Cllr Loakes posted this on Facebook:
Following yesterdays road traffic incident on Leytonstone High Rd, along with a recent incident in Hoe St, involving a pedestrian and the death of a pedestrian on Lea Bridge Rd just a couple of weeks ago allegedly involving a speeding car- I'm repeating my long held view that enforcement for speeding vehicles should be a power for councils in London to enforce.
Currently powers for speeding in London sits with the Metropolitan Police. Councils in London can only install the infrastructure to try and ensure speed compliance. On roads like the High Rd, Hoe St and Lea Bridge Rd, the infrastructure options are limited due to the bus routes and logistics vehicles that utilise them. Most of the road network in Waltham Forest is now 20mph- we need the powers to enforce it!
Clearly the police have never and certainly now do not have the resources to undertake such responsibilities. That is why in the Waltham Forest response to the draft 'Mayors Transport Strategy' we included the following-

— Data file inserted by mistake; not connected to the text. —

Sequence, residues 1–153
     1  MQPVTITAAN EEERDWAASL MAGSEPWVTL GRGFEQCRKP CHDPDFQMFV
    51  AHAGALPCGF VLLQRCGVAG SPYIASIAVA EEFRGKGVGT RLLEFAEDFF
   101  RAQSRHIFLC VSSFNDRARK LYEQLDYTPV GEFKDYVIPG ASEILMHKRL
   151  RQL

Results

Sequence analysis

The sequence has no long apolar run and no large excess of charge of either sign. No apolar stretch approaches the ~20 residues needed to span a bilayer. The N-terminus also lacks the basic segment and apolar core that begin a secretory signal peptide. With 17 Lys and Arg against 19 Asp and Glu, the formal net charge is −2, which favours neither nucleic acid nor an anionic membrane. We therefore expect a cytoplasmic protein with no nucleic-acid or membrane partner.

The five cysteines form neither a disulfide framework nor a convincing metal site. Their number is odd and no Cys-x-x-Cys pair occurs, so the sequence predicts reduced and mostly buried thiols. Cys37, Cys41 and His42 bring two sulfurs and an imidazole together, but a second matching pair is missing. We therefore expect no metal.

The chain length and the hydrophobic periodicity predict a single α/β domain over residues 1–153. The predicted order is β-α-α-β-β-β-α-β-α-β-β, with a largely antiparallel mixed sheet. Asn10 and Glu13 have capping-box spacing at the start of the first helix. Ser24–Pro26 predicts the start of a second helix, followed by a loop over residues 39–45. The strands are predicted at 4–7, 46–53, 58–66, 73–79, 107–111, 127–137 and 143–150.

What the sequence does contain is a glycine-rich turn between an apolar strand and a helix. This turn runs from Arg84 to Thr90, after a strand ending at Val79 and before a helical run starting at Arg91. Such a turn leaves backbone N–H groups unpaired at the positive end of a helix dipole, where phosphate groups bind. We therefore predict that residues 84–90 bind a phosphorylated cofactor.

'.......There is a particular need to work closely with the police to use their legislation to crack down on poor driving, speeding and mobile phone use. Alternatively, TFL and the boroughs could lobby for these powers to be transferred to councils so that they can address these important issues themselves.'
We need the London Mayor and the Government to find a way to give councils these powers and soon. I shall be writing to the Mayor and the Secretary of State for Transport next week, calling for this transfer or devolution of powers to the London boroughs as a matter of urgency.
And to the motor industry I say this; how come you can design monitors to protect a car from bumps and scraps when parking, but you can't design technology that ensures a vehicle only does 20mph in a 20mph road and automatically reduces speed when it senses a vulnerable road user up in front?
Of course my thoughts and prayers go out to all the victims and their families involved in road traffic incidents. But this continues to be an issue that can be prevented by those behind and who design 'the wheel' and where necessary can be enforced by those who want our streets to be safe.
I hope I can rely on the residents of Leytonstone and Leyton's support in this campaign. I'll be posting details of a petition shortly.